In a program that will kill jobs, two Bay Area regional governmental agencies are telling certain employers that they will soon have to provide workers with “commuter benefits.”
The program was reported in the news media on July 15. Ordering implementation of the commuter program are the Metropolitan Transportation Commission (MTC) and the Bay Area Air Quality Management District (Air District). MTC regulates Bay Area transportation matters. The Air District is in charge of managing air quality.
The commuter program, which will take effect on September 30, requires employers with 50 or more full-time employees to provide commuter benefits to all workers.
The regulation applies to the counties of Alameda, Contra Costa, Marin, Napa, San Francisco, San Mateo, and Santa Clara. Parts of Solano and Sonoma Counties are also affected.
Commuter Benefits Mandate
Under the program, all employers — public, private, and nonprofit — will have to designate a Commuter Benefits Coordinator.
The program will also require employers to select one of several commuter-benefit options (such as bus or train) and notify covered employees of the option selected.
Employers will also have to maintain, for three years, records documenting compliance.
Commuter benefits may force workers to use BART (Bay Area Rapid Transit). In 2013, BART went on strike twice, leaving many commuters stranded.
Recently, the was a strike of transportation workers in San Francisco. For several days buses and cable cars did not operate.
One has to ask why government has to become involved commuting. Perhaps the individual worker can decide for himself whether to commute by car, bus, or train.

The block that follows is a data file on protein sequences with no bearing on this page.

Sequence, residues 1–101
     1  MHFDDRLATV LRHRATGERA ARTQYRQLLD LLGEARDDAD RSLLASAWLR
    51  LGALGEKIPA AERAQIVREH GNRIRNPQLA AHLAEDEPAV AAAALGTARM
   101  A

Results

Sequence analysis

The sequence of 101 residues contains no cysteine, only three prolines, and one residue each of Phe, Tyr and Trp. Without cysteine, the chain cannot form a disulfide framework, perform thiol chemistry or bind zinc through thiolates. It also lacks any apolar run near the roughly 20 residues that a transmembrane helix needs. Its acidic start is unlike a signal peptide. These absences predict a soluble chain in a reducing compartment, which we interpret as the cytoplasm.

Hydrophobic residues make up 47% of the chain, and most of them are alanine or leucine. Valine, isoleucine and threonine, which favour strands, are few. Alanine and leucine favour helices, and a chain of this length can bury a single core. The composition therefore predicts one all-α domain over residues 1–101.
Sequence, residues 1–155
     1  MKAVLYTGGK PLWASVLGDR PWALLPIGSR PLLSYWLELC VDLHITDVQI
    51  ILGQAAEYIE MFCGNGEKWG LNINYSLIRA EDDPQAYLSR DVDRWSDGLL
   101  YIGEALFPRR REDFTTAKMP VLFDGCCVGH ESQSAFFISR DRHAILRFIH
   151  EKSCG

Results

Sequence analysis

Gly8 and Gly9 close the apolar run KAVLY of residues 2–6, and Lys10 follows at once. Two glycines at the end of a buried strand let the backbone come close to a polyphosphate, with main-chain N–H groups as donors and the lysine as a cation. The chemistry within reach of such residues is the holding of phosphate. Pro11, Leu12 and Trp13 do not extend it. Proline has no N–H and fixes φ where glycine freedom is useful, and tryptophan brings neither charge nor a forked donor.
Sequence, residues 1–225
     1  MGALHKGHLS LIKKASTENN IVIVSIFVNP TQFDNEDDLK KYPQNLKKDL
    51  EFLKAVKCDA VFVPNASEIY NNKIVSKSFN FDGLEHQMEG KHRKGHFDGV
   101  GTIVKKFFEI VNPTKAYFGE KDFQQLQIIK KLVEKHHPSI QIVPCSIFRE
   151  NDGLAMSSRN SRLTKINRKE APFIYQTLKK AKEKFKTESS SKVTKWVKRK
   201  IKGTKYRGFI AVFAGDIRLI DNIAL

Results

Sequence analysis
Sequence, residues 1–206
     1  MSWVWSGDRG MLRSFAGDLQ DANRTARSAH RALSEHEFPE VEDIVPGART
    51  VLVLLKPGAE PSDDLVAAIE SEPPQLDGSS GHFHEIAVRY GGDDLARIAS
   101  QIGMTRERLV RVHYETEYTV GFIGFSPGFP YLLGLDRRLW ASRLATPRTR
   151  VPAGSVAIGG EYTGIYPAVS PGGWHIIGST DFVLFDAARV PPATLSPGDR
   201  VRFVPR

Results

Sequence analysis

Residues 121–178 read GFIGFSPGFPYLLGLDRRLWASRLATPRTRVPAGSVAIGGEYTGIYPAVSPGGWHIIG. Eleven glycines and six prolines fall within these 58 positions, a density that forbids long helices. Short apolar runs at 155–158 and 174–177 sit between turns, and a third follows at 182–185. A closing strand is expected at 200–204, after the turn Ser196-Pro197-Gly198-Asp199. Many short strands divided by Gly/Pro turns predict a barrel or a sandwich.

The directors of MTC and the Air District are not elected directly by voters. For example, the chairperson of MTC, Amy Worth, was not elected to her MTC position. In 2010, she was elected to a seat on the Orinda City Council.
Similarly, Mary Piepho of the Air District was not elected to her Air District job. She was elected in 2008 to a seat on the Contra Costa County Board of Supervisors.
Governmental mandates on business are nothing new. Under the Affordable Care Act (Obamacare) of 2010, employers with 50 or more employees must provide health benefits to employees who work more than 30 hours a week. In response, some firms have cut a worker’s time from 40 hours a week to 29.
Many Americans assume that the Internal Revenue Service is the tax collector. But the real tax collector is the employer, who, on each payday, must withhold a certain amount of an employee’s wages to cover federal income tax, state income tax, Social Security, and Medicare. Usually, an employer hires a payroll service or a clerk to determine how much tax is to be deducted from each worker’s paycheck. The boss must remit to governmental agencies the amount that each employee owes in taxes.
The employer is also an immigration police officer. Before hiring someone, the employer must check to find out if the prospective employee is a legal resident of the United States. A firm hiring an illegal alien is subject to harsh penalties.
Government mandates — whether for commuter benefits, health benefits, payroll deductions, or the verification of an employee’s legal status — cost money. These costs can require a firm with 30 to 45 workers to hire two of three full-time employees who do nothing but comply with the government mandates. The cost of compliance for three such employees can be between $150,000 and $350,000 per year. The cost just for health benefits alone can be between $120,000 and $450,000 per year.
One has to wonder when and if governmental bodies will soon be telling employers what kind of home furniture must be purchased for a firm’s workers.
If the employer is spending too much money on government mandates, the employer may have to curtail hiring, lower wages, or fire employees. The employer can also close his business or move to another state or country.
In February, Occidental Petroleum announced that it is moving from Los Angeles to Housing. In April, the North American headquarters of Toyota said it plans to move from Torrance, California, to Plano, Texas.
The time has come to make the Bay Area — and the rest of California — competitive. Failure to do so will mean fewer jobs and lower wager for those who still have jobs.